With a fine recent record in the competition, Irish entrants are being encouraged to enter the Cartier Women’s Initiative Awards.
Now in its 10th year, the Cartier Women’s Initiative Awards look to celebrate and support innovative projects by women entrepreneurs around the world.
Separating entrants via six geographical areas, winners take home a prize of US$20,000, one year of coaching, extensive networking opportunities and international media exposure.
Last year, Yvonne Brady’s EVB Sports Shorts saw her through to the finals, while 2013 saw Leonora O’Brien’s software company Pharmapod come out on top, overall, in Europe.
Media exposure and brand links
Supported by jeweler Cartier, the Women’s Forum, McKensey & Co and INSEAD business school, it’s the media exposure, and links with such global brands, that seem to attract most entrants, especially those in the US.
“North American entrants enter mainly to be associated with the brands. The US$20,000 might not mean too much to them,” said Mary Cronin, co-founder of Thousand Seeds, promoters of entrepreneurship and learning.
Cronin explained that, despite the success of Irish entrants in the past two years, many in Ireland are simply too intimidated to put themselves forward for what is a very accessible and worthwhile experience.
“Six years ago we had almost no applicants, then two years ago I spoke with Cartier and Enterprise Ireland,” said Cronin, and subsequently Cartier visited Ireland to drum up awareness of the awards. “Then we had Leonora winning, then last year Yvonne did very well.”
You could be the perfect fit
Cartier claimed to want “exceptional” women, a word which Cronin admitted may turn some people off. “A lot don’t apply because they think it’s well beyond them, but it’s not.”
To be eligible for the awards, women have to be leading companies in their initial one to three-year phase. The business must be a for-profit project, and something unique.
“Keep it simple,” Cronin said of the application process, the deadline for which is Friday, 27 February, at 10am CET. “Explain the problem you are trying to solve, and think big.”
O’Brien did just that, when her Pharmapod project looked to be the right fit for a global business plan back in 2013. A cloud-based software solution, the subscription service allows pharmacists to record, report and analyse all incidents that should be flagged regarding customer reactions to prescription drugs and the like. Clearly an idea that could cross borders, if anything, it is strengthened by further reach.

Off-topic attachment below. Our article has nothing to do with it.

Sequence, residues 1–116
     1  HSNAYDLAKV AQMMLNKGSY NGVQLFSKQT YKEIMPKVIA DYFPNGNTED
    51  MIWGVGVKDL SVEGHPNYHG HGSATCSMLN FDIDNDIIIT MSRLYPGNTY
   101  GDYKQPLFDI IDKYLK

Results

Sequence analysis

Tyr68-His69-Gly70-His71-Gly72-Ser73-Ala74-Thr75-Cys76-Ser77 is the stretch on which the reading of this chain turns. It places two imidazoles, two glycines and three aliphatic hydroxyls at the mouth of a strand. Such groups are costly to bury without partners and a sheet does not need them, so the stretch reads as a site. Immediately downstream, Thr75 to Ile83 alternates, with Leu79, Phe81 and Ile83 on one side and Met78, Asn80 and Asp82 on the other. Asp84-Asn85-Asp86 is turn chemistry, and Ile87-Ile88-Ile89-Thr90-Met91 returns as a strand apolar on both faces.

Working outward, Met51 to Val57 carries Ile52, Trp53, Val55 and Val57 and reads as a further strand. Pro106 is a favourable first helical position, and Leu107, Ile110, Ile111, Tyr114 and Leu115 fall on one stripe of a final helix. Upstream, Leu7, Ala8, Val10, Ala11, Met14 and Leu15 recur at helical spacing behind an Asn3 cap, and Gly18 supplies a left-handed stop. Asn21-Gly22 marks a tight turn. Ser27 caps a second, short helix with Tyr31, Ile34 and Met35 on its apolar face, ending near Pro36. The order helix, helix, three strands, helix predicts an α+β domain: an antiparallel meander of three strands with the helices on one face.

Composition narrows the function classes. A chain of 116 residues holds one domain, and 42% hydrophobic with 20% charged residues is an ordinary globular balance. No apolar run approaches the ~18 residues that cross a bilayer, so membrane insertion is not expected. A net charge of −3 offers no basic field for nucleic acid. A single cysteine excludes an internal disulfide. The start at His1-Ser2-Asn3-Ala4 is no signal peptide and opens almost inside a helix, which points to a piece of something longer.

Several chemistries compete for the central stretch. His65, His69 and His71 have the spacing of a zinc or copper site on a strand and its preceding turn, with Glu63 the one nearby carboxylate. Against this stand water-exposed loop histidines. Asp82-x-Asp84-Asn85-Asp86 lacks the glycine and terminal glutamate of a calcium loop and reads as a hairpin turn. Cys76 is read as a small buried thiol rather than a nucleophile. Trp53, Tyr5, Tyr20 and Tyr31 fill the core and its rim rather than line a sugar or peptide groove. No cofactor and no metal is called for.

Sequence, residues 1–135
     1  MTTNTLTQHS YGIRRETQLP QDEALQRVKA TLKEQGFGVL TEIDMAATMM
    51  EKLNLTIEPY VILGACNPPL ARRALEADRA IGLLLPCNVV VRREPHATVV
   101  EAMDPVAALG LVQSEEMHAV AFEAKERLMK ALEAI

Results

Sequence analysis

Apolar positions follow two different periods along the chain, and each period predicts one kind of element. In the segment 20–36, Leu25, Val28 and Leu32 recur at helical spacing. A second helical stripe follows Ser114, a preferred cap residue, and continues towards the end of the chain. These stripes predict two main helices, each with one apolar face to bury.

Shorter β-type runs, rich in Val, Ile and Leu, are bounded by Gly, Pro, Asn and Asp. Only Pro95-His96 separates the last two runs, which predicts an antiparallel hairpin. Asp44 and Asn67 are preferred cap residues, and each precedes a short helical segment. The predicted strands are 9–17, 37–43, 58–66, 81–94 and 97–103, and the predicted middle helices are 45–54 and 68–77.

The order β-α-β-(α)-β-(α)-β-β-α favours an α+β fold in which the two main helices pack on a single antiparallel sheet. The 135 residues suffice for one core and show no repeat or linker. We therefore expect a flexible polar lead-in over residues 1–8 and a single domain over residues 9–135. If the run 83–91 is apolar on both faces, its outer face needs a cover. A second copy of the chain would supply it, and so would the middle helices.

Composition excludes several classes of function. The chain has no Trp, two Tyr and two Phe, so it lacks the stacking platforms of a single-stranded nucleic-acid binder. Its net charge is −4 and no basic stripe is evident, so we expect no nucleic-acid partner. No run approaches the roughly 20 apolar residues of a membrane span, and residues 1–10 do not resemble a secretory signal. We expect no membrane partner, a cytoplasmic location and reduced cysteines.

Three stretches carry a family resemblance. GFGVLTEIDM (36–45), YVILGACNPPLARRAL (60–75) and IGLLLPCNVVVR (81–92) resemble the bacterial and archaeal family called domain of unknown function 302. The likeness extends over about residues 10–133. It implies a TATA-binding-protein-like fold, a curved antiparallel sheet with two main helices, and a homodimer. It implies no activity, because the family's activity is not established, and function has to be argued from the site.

The finals, the place to be
But taking home the top prize is not the be all and end all, said Cronin. “Last year we had Yvonne Brady and two others as European finalists. If you get to the finals, really you already are a winner.”
At this stage, participants are put through coaching from INSEAD and McKensey & Co during an entrepreneurial experience in Paris for a week.
“They do lots of media training, introduce you to global brands and media. We help with international workshops,” said Cronin. “It’s a massive opportunity.”
In truth if you fit the criteria for entering, Cronin can’t see a reason for not taking a punt and putting yourself forward.
“I really try and promote entrepreneurship, especially for females. All the research shows that females just aren’t going for as much funding as their counterparts. Even at an early stage we need to get STEM and design and the likes into our curriculum. Going forward, you don’t need to go find a job, we can create jobs.”
Women Invent Tomorrow is Silicon Republic’s campaign to champion the role of women in science, technology, engineering and maths. It has been running since March 2013, and is kindly supported by Accenture Ireland, Intel, the Irish Research Council, ESB, Twitter, CoderDojo and Science Foundation Ireland.
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